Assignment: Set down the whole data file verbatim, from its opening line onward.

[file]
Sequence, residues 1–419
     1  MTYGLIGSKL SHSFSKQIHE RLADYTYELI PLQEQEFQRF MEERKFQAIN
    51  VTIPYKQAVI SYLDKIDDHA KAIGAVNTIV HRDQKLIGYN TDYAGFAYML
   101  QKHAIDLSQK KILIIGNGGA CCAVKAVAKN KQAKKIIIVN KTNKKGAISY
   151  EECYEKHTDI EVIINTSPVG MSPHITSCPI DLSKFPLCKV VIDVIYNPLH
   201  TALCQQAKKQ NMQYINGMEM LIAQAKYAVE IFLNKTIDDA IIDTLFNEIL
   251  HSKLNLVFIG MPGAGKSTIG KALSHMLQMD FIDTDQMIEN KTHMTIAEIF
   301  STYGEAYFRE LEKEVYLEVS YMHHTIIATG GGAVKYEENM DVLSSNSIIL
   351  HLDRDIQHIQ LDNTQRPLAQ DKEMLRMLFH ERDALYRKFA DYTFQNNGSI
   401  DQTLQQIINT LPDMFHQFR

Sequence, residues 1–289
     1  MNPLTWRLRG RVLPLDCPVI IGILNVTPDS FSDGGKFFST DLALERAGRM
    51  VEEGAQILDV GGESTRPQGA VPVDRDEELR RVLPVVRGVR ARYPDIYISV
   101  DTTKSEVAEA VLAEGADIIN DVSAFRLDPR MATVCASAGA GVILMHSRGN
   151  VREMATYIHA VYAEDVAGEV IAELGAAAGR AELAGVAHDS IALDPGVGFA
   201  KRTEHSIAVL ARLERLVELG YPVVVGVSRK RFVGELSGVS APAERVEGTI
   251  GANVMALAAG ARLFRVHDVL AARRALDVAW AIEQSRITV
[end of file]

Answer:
Sequence, residues 1–419
     1  MTYGLIGSKL SHSFSKQIHE RLADYTYELI PLQEQEFQRF MEERKFQAIN
    51  VTIPYKQAVI SYLDKIDDHA KAIGAVNTIV HRDQKLIGYN TDYAGFAYML
   101  QKHAIDLSQK KILIIGNGGA CCAVKAVAKN KQAKKIIIVN KTNKKGAISY
   151  EECYEKHTDI EVIINTSPVG MSPHITSCPI DLSKFPLCKV VIDVIYNPLH
   201  TALCQQAKKQ NMQYINGMEM LIAQAKYAVE IFLNKTIDDA IIDTLFNEIL
   251  HSKLNLVFIG MPGAGKSTIG KALSHMLQMD FIDTDQMIEN KTHMTIAEIF
   301  STYGEAYFRE LEKEVYLEVS YMHHTIIATG GGAVKYEENM DVLSSNSIIL
   351  HLDRDIQHIQ LDNTQRPLAQ DKEMLRMLFH ERDALYRKFA DYTFQNNGSI
   401  DQTLQQIINT LPDMFHQFR

Sequence, residues 1–289
     1  MNPLTWRLRG RVLPLDCPVI IGILNVTPDS FSDGGKFFST DLALERAGRM
    51  VEEGAQILDV GGESTRPQGA VPVDRDEELR RVLPVVRGVR ARYPDIYISV
   101  DTTKSEVAEA VLAEGADIIN DVSAFRLDPR MATVCASAGA GVILMHSRGN
   151  VREMATYIHA VYAEDVAGEV IAELGAAAGR AELAGVAHDS IALDPGVGFA
   201  KRTEHSIAVL ARLERLVELG YPVVVGVSRK RFVGELSGVS APAERVEGTI
   251  GANVMALAAG ARLFRVHDVL AARRALDVAW AIEQSRITV